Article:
One bad apple juice don t spoil the whole bunch, girl

By ACSH Staff — Dec 01, 2011
We thought the arsenic in apple juice scare had ended up in the unfounded scares graveyard, but headlines in today s news took us by surprise. In a revival of this juice scare, Consumer Reports has announced that about 10 percent of the samples of apple and grape juice that they tested had levels of arsenic exceeding federal standards for drinking water.

We thought the arsenic in apple juice scare had ended up in the unfounded scares graveyard, but headlines in today s news took us by surprise. In a revival of this juice scare, Consumer Reports has announced that about 10 percent of the samples of apple and grape juice that they tested had levels of arsenic exceeding federal standards for drinking water.

This follows on the heels of a widely discredited piece by Dr. Mehmet Oz, host of The Dr. Oz Show, who claimed in September that some apple juice contained excessive levels of arsenic. Scientists quickly pointed out that Dr. Oz had not distinguished between organic and inorganic arsenic an important distinction, because organic arsenic is considered to be non-toxic. The FDA responded with a statement explaining that most of the arsenic in apple juice comes in the harmless organic form; the agency and other experts called Dr. Oz s report irresponsible and misleading for creating hype and fear around a perfectly safe product.

Nevertheless, Consumers Union (CU), the advocacy section of Consumer Reports, decided to investigate the issue further, and tested 88 samples of apple and grape juice to distinguish between organic and inorganic arsenic. Since there are no current standards for arsenic in juice, they employed FDA standards set for bottled water under 10 parts per billion (ppb). According to CU s investigation, beyond finding that some samples contained arsenic levels above this limit, the majority of the arsenic found was in fact in the inorganic form, contrary to what the FDA had asserted back in September. Inorganic arsenic in high levels has been linked to negative health effects such as bladder, lung, and skin cancer, cardiovascular disease, and type 2 diabetes, so this particular finding led Consumers Union to call upon the FDA to set and enforce arsenic standards for juice.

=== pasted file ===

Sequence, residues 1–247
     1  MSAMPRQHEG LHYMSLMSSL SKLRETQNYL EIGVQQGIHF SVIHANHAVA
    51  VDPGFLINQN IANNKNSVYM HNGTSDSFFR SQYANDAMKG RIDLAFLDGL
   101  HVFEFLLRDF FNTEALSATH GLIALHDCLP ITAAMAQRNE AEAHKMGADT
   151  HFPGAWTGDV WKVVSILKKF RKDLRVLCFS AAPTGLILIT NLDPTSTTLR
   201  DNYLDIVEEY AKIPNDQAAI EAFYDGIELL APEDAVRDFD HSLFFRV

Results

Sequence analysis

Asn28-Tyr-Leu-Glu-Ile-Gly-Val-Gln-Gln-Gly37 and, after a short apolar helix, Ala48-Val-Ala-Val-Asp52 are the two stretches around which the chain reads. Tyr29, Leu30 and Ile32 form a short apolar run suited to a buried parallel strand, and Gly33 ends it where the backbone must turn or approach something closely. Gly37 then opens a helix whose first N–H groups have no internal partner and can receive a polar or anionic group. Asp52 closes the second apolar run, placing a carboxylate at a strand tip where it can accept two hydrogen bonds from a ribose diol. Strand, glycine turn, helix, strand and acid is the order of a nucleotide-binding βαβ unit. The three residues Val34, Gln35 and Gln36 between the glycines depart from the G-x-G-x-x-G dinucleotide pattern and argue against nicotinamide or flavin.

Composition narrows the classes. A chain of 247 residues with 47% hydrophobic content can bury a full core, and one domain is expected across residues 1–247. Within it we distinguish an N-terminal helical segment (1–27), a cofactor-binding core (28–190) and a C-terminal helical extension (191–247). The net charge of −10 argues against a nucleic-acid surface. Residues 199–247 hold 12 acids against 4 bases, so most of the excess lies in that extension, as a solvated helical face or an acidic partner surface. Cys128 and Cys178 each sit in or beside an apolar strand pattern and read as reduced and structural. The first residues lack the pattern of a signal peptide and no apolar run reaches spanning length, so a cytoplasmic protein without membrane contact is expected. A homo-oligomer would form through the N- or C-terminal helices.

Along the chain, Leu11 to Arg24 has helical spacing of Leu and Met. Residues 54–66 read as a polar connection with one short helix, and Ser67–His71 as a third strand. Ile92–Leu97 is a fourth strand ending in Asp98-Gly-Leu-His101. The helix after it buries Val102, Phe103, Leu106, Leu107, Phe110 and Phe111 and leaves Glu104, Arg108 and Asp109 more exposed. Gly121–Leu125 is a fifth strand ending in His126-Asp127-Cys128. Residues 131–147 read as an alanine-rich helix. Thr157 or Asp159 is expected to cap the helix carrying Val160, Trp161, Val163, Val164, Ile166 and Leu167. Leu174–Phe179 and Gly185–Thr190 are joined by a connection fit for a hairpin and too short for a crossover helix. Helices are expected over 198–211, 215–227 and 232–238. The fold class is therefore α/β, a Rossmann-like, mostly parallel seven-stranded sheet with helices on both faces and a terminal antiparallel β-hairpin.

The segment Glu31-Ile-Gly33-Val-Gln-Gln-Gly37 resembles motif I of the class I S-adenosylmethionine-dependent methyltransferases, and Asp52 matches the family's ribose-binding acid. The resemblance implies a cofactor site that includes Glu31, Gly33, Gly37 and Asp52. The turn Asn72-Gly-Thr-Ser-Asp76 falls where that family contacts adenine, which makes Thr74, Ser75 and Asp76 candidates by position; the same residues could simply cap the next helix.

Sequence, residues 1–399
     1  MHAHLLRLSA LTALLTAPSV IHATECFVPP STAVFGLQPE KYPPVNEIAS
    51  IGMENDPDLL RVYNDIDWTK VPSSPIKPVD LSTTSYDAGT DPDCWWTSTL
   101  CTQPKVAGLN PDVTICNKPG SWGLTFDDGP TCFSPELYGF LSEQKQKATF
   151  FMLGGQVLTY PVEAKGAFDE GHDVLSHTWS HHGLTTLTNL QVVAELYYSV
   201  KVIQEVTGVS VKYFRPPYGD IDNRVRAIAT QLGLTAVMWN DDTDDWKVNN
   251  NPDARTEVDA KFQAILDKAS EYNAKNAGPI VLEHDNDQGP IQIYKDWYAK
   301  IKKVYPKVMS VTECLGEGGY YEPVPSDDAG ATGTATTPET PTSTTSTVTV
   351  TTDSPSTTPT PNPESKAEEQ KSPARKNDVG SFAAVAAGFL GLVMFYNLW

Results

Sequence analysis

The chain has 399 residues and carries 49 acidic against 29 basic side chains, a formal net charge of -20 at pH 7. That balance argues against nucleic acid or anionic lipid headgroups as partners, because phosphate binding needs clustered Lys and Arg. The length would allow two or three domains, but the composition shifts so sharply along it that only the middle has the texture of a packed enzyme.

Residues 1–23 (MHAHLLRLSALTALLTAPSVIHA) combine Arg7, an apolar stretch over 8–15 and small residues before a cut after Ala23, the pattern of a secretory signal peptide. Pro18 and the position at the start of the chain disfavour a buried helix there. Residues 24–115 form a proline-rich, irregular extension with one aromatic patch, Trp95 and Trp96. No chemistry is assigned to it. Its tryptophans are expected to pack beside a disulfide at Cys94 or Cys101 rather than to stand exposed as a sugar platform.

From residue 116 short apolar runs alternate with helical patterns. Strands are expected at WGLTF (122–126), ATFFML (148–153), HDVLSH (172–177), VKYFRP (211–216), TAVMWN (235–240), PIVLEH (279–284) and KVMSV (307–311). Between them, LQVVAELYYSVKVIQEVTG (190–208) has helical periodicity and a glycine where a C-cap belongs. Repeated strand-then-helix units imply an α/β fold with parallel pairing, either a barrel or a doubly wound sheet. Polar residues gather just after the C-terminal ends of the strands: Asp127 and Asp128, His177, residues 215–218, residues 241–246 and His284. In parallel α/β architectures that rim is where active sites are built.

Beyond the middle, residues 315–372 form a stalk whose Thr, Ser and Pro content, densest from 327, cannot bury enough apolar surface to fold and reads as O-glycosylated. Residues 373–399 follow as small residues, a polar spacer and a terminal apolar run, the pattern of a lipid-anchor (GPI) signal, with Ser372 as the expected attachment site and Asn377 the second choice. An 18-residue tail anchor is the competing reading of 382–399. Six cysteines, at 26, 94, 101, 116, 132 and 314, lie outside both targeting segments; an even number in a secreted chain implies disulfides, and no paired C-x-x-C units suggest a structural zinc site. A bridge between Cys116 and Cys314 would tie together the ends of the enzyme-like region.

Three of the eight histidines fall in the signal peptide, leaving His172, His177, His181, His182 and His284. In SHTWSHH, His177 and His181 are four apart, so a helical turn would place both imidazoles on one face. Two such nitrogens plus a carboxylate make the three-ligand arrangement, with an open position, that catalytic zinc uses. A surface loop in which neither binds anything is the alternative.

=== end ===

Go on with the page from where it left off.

The media, of course, took this as an opportunity to report on the dangers of fruit juices and as new proof that Dr. Oz was right. The FDA as well has reported that, on the basis of this study, they will be increasing surveillance and reviewing what needs to be done to reduce arsenic exposure. But ACSH s Dr. Elizabeth Whelan is concerned that the FDA s sudden reversal may set off needless anxiety among parents; she questions the agency's decision to reverse its initial stance on the basis of what she considers a dubious study.

ACSH s Dr. Ruth Kava agrees that this small study, which has not been peer-reviewed, has been taken out of context. They are jumping to a conclusion that will affect millions of people, all based on one non-peer-reviewed study, she says. As ACSH advisor Dr. Allison Muller points out, Further analyses of these data are needed before we can say that the amount of inorganic arsenic found in these foods is enough to cause any of the supposed health risks.

Beyond the extremely preliminary nature of the Consumers Union s study, there is in fact evidence suggesting that, even if arsenic levels are higher than thresholds set for water, they are still unlikely to be harmful at all. For instance, it s possible that arsenic levels in juices can be safe at higher levels than in drinking water, of which people consume more. And an analysis of arsenic safety in water, co-authored by ACSH s Dr. Gilbert Ross, reports that arsenic levels even several times higher than FDA standards still pose no risk to health. While the levels may or may not be above the guidelines, the actual health risk from consuming apple juice is zero, Dr. Ross concludes.